Clearly, in retrospect, the restrictions intended to secure Nvidia’s share of the market have instead incentivised business decisions that have seen Nvidia’s share of the Chinese market drop from over sixty to below twenty percent, with the US rulings also impacting the company’s reputation in China and fanning speculation about the commercial risks of possible future restrictions on US technology exports.

The measures aimed to curb China’s progress and maintain U.S. dominance in a critical sector have unfolded in a quite unexpected way, demonstrating the complexity and interconnectedness of the global tech trade.

China’s rapid progress underscores its long-stated determination to achieve self-reliance in semiconductor technology and reduce its dependence on foreign suppliers. Huawei has not only persisted but managed to leapfrog technological barriers at a remarkable pace.

Initially projected to be at least a half a decade behind, Huawei’s swift catch-up in the AI chip realm forced Nvidia to reconsider its pricing strategy to retain competitiveness, not within five years, but within one.

This scenario reveals several broader truths about the current state of global technology competition. First, it highlights a resolute drive for technological self-reliance in China. Secondly, it demonstrates that China’s burgeoning capabilities pose a direct challenge to Western technological hegemony.

In response to the US challenges, Chinese policy focused on reinforcing domestic semiconductor innovation through substantial investments and comprehensive strategic plans. The “Made in China 2025” initiative, for example, long flagged Chinese ambitions. Additionally, the 14th Five-Year Plan included specific goals to increase R&D spending and foster innovation within the fabrication and chip design industry, further demonstrating a long-held Chinese determination to achieve technological self-sufficiency in chip design and fabrication.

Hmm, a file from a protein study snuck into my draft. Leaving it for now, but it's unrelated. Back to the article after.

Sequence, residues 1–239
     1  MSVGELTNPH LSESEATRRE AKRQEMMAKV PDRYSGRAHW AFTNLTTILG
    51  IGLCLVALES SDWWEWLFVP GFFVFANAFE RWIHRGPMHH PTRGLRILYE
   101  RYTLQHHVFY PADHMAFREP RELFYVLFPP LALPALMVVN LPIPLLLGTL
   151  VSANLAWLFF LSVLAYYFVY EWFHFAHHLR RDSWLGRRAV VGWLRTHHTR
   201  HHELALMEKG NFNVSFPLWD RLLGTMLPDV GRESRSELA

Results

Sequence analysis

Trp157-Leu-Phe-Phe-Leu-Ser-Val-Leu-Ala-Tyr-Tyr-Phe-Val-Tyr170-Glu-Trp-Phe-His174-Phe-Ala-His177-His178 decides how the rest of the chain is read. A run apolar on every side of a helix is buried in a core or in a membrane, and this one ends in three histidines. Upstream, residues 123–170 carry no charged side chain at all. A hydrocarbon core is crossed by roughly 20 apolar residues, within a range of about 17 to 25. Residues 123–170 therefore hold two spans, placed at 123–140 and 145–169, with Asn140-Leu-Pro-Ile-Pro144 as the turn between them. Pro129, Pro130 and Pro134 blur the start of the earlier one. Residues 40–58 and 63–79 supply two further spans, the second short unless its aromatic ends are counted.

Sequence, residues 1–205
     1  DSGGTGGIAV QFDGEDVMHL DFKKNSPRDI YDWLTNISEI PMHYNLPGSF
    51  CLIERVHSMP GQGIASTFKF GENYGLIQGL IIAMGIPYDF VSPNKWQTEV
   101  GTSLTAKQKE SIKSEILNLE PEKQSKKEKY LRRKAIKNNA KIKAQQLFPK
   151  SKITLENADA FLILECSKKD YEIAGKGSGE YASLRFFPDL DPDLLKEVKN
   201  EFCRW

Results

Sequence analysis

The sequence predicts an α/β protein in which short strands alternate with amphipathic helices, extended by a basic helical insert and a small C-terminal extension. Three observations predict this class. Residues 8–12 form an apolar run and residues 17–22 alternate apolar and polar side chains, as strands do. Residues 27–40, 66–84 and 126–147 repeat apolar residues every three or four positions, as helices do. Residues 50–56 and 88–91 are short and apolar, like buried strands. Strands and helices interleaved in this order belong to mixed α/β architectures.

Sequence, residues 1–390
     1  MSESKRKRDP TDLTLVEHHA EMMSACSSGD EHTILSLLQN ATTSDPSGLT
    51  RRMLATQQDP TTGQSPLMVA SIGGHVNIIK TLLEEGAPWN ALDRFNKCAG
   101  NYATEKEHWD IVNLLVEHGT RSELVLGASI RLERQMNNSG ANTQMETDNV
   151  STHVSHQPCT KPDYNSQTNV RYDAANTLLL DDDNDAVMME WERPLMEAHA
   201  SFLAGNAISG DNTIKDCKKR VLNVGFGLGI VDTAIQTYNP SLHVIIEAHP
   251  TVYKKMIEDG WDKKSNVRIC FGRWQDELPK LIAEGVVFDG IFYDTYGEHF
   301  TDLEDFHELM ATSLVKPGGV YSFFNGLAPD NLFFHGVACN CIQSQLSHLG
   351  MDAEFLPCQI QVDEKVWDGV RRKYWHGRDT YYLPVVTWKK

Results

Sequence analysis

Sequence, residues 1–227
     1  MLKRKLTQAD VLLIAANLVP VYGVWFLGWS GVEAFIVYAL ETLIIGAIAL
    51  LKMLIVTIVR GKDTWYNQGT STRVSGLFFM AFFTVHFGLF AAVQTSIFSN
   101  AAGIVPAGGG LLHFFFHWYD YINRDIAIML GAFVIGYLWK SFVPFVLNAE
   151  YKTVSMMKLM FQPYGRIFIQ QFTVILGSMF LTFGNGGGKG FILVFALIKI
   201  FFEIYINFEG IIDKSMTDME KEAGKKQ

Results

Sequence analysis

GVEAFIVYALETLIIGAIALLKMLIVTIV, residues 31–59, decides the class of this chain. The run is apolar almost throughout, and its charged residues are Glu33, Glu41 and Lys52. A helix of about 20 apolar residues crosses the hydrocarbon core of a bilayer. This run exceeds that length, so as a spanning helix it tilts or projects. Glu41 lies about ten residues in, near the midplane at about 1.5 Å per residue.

In response to Western sanctions, the Chinese government implemented measures to bolster Huawei. These included financial assistance, policy incentives, and fostering a new non-proprietary Open Source Instruction set based on the RISC V protocol, further supporting supply chains and production ecosystems to mitigate the impact of U.S. sanctions.

In 2020, the PRC’s National Development and Reform Commission (NDRC) and Cyberspace Affairs Commission (CAC) highlighted the importance of open source communities for industrial digitalisation in an Implementation Plan for Digital Economy Development in the 14th Five-Year Plan (2021-2025). NDRC further encouraged the development of open source algorithms in its March 2021 AI Innovation Work Plan, with RISC V among the open source approaches gaining more traction.

By prioritising the development of homegrown technologies and reducing reliance on foreign suppliers, China has strategically positioned itself to continue to dominate the global stage and to further reshape the dynamics of international technology competition.